“Portrait of K.A.Korovin.” 1891, oil on canvas.

After these early paintings helped establish him as an artist, Serov joined the Peredvizhniki. While a part of that group he was commissioned to paint portraits of many important figures. The dark brown and black tones of even the light “Girl with Peaches” are seen again in works like the 1897 commissioned portrait of Grand Duke Pavel Aleksandrovich, also on display at the Tretyakov Museum. His landscapes were likewise dimly lit and colored with subdued earthy shades, including 1985’s “October, Domotkanovo.” His color use is often strategic, as seen in 1891’s “Portrait of K. A. Korovin.” In this portrait of his painter friend, Serov uses earthy, dark colors in every part of the painting, except for the red and white striped pillow where Korovin rests his right arm. The color here was meant highlight Korovin as an artist and the brush in his right hand.

Another distinctive work is his 1907 “Peter I,” which depicts the Russian tsar in brooding colors. The piece depicts Peter as an architect and an automaton. Viewers see Peter from the perspective of from the ground up, “emphasizing the grandeur of the emperor’s rushing figure,” reads the accompanying Tretyakov description. Serov said of Peter “…He walked in enormous strides, with all his retinue having to follow him at a run. I can imagine what a monster that man was in the eyes of foreigners, what a terror he was to the people of St. Petersburg at the time.” Serov captures this sentiment clearly, as Peter is shown upright and tall, his followers hunched over and scurrying to keep up with the towering, hasty tsar.

“Peter I.” 1907, oil on canvas.

In the early 1900’s, Serov broke with the Peredvizhniki and became more closely associated with the Russian art magazine and group “Mir iskusstva,” or “World of Art” art nouveau movement. This group was dissatisfied with what they saw as low artistic standards set forth by the Peredvizhniki, and wanted to hold up principles of the emerging Art Nouveau. This movement sought a departure from so-called “academic” art and ushered in a taste for structures and lines inspired by natural forms – flowers, plants, curvature in nature. The influence of this movement is seen perhaps most clearly in works like his 1910 “The Rape of Europa,” which marks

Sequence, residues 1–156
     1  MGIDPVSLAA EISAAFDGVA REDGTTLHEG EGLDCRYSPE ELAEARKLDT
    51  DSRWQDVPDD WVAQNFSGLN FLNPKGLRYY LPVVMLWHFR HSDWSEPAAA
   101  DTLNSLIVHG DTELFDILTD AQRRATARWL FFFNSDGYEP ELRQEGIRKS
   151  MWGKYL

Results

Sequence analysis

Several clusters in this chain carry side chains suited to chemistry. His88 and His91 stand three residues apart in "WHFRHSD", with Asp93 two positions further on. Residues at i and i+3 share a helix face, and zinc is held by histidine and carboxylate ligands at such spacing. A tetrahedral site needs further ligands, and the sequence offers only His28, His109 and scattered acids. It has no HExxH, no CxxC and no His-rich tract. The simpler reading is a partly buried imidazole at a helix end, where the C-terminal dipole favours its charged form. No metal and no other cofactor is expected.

a very different turn for Serov’s works. Figures in this work are much flatter, his paintbrush stroke much broader, and the curves found in the waves of the ocean to the horns of the bull are exaggerated.

Before his death in Moscow in 1911, Serov also experimented with sculpture, re-creating his earlier painting “The Rape of Europa” painting in bronze.

Serov is known for his skills in portraiture and his eye for color. However, perhaps even more important was his his willingness to depart from the techniques that made him famous and his eagerness to try new methods. These helped cement him as one of the Russian masters.

About the author

Kristin Torres

Kristin Torres studied Russian language and literature at the University of Missouri-Columbia and at the Summer Workshop in Slavic and Eastern Languages at Indiana University Bloomington. An aspiring arts and culture journalist, she has a particular focus on Eastern European film and literature. A former intern on the Arts Desk at National Public Radio in Washington, D.C. and at California and Missouri affiliates KQED and KBIA, she further developed her research and arts reporting skills as a Home and Abroad Scholar in St. Petersburg.

Program attended: Home and Abroad Scholar

View all posts by: Kristin Torres